C-Section Births At All-Time High
ROBERT SIEGEL, Host:
From NPR News, this is ALL THINGS CONSIDERED. I'm Robert Siegel.
MELISSA BLOCK, Host:
To talk about what's behind these numbers, we're joined by Dr. Caroline Signore. She's an obstetrician/gynecologist at the National Institute of Child Health and Human Development in Bethesda, Maryland. Welcome to the program.
D: Thank you.
BLOCK: Now, these numbers show the C-section rate is up for women of all maternal ages, all racial and ethnic groups, and also for infants across all gestational ages. What do you think explains it?
D: I think that there are probably a number of reasons, and no single factor. We are seeing more women becoming pregnant through the use of assisted reproductive technologies, which leads to multiple births. And multiple births are more often delivered by cesarean.
D: Another factor is, in fact, that older women are having children these days. And though the cesarean rates increased in all ages, we know that women who are at older age at the time of their pregnancies are also more likely to deliver by cesarean.
BLOCK: What about on the doctor side of things? Would fear of litigation be entering into this in any way?
D: It's impossible to ignore the fact that medical malpractice is a difficult issue for obstetricians. And it's reasonable to consider that for fear of litigation, obstetricians would be more likely to intervene if they were at all concerned, for any reason, about the progress of a pregnancy or a labor.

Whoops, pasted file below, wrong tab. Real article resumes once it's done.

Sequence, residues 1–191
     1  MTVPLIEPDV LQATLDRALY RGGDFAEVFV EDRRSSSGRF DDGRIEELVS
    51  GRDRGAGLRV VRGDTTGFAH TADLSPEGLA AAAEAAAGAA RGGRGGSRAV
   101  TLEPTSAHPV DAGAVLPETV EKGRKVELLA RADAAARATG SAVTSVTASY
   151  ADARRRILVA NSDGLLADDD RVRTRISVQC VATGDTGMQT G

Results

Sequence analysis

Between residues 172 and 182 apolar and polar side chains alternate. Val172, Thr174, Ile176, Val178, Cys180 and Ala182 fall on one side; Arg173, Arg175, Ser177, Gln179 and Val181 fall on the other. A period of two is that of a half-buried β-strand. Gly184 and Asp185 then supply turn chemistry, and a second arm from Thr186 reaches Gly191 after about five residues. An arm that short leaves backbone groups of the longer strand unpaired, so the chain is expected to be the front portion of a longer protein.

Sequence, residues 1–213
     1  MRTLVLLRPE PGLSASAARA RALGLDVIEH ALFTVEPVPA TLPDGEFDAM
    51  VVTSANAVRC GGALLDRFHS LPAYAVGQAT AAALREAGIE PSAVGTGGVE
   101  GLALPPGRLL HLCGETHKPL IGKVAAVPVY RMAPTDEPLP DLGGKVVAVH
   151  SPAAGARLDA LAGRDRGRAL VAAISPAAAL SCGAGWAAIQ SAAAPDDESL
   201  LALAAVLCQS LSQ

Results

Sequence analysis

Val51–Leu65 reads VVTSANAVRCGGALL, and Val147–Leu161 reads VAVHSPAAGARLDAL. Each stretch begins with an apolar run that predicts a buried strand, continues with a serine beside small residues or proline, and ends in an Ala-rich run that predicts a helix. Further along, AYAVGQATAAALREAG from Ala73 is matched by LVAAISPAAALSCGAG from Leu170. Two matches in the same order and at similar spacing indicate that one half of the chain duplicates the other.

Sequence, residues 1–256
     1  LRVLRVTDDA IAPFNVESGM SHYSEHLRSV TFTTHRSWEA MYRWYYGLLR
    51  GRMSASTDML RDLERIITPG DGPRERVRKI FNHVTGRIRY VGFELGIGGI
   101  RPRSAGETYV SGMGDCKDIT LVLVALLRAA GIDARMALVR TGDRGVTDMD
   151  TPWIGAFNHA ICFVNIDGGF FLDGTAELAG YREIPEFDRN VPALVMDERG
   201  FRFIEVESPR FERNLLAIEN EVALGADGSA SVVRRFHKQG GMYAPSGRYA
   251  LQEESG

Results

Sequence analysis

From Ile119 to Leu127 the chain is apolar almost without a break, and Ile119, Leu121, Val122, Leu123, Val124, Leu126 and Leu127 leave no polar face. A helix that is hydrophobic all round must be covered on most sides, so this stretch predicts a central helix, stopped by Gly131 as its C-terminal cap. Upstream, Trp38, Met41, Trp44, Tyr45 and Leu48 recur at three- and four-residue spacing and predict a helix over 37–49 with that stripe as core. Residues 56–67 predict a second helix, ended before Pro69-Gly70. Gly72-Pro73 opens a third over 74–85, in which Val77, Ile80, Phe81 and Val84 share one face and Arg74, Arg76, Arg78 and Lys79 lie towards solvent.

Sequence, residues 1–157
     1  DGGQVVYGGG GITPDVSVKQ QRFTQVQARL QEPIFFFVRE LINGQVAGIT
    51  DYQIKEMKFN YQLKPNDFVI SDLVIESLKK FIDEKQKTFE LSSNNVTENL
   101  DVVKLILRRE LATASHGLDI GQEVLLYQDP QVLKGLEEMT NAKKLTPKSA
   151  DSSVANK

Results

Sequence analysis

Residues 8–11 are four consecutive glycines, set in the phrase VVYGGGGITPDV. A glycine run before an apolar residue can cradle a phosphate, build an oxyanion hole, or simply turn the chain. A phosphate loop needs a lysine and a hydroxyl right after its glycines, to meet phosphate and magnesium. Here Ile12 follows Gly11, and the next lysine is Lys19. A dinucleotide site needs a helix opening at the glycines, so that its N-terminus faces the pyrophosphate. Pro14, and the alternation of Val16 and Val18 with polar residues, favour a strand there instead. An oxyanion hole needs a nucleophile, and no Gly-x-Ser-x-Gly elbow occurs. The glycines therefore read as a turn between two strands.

BLOCK: Although if you look at the risks associated with c-sections, I suppose that might work in the opposition direction.
D: There are certainly risks associated with cesarean delivery: higher risk of bleeding, higher risk of infection. And in particular, there are risks associated with having multiple cesarean deliveries over the reproductive lifespan. For example, when a woman has had three or more cesareans, she stands a much higher risk of having placental implantation abnormalities in subsequent pregnancies, which can lead to severe hemorrhage and even maternal death.
BLOCK: If you look back at c-section rates - going back, say, to 1965 - the rate then was 4.5 percent in the U.S. Thirty-two percent now, as we said. How does that rate compare with other countries?
D: Well, our cesarean rate does tend to be higher than many other Western countries; however, still remains lower than some countries. Brazil, for example, is known for extremely high cesarean delivery rates. And there's recent evidence from China that their cesarean delivery rates are quite high as well.
BLOCK: There's been, of course, a lot of debate about whether or not a high C-section rate is a bad thing. Where do you come down on that?
D: I think that the safest delivery for a woman is an uncomplicated vaginal delivery. And any time major abdominal surgery is entered into the picture, that increases maternal risk.
BLOCK: Where you surprised, Dr. Signore, when you saw this latest number - that nearly one-third of all births are performed by C-section?
D: It is curious that up to a third of women really require these deliveries. However, the trend has been progressing slowly through the most recent years, and preliminary data indicated that it was approaching this level.
BLOCK: And what would you expect the trend to show in the years that come?
D: You know, just given the past history, there is concern that the rate will continue to climb. I think that we in the obstetrical practice should aim to decrease primary cesarean delivery rates - the number of women who have a first cesarean - because certainly, they're at much higher risk for having multiple, repeat cesareans at this time.
BLOCK: Dr. Signore, thank you for talking with us.
D: Thank you very much for having me.
BLOCK: That's Dr. Caroline Signore. She's an obstetrician/gynecologist with the Pregnancy and Perinatology Branch at the National Institute of Child Health and Human Development.
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